Beaten Serena to assess her game

Paes-Stepanek move into men's doubles; Saina-Black suffer setback

Beaten Serena to assess her game

 It was not quite a Jill Craybas moment for Serena Williams at a soggy Wimbledon on Saturday but her third round defeat by Frenchwoman Alize Cornet was shocking all the same.

Just as when she was beaten by obscure fellow American Craybas at the same stage in 2005, no one saw it coming.

Especially when, after a frustrating four-hour rain interruption, the 32-year-old five-times champion returned to Court Two in the early evening to romp through an opening set that lasted only 29 minutes.

Victory for top seed and most people's pre-tournament favourite looked a formality, but Cornet, the world number 24, had other ideas and began a stirring fight back to claim a 1-6, 6-3, 6-4 victory -- her second over Williams this year.

Williams seemed as mystified as everybody after the defeat, which came a round before last year’s exit to Sabine Lisicki and a day after sister Venus went out against former champion Petra Kvitova, meaning neither sister has reached the second week of the singles for the first time in eight years.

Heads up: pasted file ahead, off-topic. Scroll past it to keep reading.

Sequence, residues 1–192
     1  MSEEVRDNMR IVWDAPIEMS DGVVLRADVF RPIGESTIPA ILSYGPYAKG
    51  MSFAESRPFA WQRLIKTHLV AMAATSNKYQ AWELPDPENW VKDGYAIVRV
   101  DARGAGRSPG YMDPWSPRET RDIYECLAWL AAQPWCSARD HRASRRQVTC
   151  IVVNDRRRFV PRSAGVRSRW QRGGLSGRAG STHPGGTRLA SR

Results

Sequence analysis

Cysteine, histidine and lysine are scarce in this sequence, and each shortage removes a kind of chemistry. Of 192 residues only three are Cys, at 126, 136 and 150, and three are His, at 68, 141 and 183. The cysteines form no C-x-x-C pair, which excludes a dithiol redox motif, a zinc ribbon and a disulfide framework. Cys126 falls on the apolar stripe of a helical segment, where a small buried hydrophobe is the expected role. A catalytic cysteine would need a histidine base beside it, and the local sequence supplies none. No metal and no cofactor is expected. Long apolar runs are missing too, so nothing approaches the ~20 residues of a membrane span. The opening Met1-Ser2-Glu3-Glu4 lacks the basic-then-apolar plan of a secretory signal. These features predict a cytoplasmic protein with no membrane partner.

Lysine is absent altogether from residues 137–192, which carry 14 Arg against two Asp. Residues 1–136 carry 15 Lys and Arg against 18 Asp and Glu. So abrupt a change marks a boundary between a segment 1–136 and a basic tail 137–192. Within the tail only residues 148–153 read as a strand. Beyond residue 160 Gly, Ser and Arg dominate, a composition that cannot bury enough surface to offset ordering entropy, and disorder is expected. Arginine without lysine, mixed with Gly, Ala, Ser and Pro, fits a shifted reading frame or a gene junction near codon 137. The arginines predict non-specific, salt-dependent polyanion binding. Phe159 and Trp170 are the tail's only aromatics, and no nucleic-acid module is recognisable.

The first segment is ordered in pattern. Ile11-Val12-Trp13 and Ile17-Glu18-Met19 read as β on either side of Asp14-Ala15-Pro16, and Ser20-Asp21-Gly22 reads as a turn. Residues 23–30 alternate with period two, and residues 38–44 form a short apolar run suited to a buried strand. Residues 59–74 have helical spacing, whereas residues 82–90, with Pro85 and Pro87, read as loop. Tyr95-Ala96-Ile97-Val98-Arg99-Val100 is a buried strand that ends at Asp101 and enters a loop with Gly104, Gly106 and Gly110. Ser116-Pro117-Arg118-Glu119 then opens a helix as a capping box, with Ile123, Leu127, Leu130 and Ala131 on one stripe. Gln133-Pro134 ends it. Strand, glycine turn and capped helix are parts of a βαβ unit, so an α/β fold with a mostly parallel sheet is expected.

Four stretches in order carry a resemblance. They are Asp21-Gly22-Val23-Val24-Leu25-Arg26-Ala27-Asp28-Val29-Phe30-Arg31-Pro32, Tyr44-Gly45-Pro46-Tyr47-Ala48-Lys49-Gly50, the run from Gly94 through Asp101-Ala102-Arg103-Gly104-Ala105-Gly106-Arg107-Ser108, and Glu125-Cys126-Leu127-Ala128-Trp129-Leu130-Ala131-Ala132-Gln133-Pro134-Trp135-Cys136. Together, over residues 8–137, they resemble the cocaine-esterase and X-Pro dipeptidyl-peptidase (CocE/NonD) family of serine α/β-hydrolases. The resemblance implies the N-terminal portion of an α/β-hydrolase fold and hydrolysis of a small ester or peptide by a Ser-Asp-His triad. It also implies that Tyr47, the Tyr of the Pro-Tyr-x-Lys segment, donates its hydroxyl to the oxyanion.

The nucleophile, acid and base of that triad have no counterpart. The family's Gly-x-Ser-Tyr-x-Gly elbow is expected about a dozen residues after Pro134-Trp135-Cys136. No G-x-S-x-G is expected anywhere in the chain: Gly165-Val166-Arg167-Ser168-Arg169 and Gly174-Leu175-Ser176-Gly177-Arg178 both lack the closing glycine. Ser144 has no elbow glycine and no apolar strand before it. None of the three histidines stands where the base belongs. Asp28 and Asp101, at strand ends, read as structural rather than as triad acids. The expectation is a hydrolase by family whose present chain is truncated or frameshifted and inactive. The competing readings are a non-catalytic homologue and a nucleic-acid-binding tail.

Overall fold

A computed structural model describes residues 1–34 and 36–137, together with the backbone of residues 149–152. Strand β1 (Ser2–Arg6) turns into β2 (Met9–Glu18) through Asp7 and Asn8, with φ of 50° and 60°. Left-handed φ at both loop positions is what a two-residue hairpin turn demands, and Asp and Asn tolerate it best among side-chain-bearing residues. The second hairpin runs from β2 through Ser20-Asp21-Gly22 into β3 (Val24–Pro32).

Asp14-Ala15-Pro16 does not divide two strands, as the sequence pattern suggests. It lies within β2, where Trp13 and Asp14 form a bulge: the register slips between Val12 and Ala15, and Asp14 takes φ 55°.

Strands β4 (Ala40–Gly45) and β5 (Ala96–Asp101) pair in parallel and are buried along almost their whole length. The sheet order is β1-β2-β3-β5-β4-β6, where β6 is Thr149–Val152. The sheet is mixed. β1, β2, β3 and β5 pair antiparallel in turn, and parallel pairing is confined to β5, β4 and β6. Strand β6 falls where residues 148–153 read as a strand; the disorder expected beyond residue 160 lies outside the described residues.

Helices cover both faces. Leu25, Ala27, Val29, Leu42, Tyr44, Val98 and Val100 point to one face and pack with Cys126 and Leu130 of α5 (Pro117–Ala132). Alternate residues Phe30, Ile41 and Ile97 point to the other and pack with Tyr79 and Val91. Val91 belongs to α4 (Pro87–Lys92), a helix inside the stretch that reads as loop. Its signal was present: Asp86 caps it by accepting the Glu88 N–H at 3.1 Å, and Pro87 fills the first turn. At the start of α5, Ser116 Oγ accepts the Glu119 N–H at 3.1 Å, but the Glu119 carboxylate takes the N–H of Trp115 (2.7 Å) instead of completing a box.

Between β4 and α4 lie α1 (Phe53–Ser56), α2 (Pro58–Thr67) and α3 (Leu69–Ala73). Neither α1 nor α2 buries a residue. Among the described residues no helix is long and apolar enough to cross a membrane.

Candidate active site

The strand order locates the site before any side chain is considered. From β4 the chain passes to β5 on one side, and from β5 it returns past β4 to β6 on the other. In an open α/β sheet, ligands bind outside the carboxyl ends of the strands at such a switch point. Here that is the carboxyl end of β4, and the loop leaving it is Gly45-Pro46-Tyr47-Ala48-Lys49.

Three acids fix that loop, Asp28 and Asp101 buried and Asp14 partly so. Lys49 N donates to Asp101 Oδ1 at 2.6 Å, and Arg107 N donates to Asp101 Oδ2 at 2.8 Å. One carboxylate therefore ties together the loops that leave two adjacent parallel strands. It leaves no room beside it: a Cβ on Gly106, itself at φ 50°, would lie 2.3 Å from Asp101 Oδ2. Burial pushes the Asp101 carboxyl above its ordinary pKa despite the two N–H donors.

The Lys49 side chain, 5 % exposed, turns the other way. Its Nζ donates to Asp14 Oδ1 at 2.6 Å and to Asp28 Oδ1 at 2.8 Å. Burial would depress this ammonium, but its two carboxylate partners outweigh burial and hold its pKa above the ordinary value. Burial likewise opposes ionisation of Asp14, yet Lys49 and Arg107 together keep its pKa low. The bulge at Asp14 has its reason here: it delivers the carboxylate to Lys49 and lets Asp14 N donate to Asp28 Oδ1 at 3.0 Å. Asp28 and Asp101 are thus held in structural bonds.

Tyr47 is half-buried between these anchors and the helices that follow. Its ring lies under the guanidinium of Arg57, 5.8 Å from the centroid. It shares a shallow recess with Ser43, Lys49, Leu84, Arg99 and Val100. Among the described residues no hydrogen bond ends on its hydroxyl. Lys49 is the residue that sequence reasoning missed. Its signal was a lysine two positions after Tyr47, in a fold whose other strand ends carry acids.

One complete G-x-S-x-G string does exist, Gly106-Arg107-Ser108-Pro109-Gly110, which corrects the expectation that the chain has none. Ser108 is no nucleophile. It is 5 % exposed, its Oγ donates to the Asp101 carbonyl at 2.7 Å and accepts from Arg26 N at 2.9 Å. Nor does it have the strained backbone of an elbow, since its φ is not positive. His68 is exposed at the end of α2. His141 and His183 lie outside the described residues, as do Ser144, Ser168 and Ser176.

“Right now I don't really know what I did wrong,” Williams told reporters. “Usually I do. Usually I know I did this and that. I have a few ideas, but this will be a really good one for me to kind of like assess and figure out.”

Whereas Williams had been in total command against an apparently overwhelmed Cornet, the match suddenly flipped during the early stages of the second set when the Frenchwoman cut loose.

“I think the rain delay killed me a little bit because I started the match very well, like the two first games were really good,” Cornet said.

“After that, I think she lost a little bit (of) her concentration in the beginning of the second set and I used it to come back in the match, and finally I played way better.”

Still, the crowd expected Williams to flick the switch and recover but as the errors mounted and she began to look more and more awkward and hesitant, the match began slipping away.

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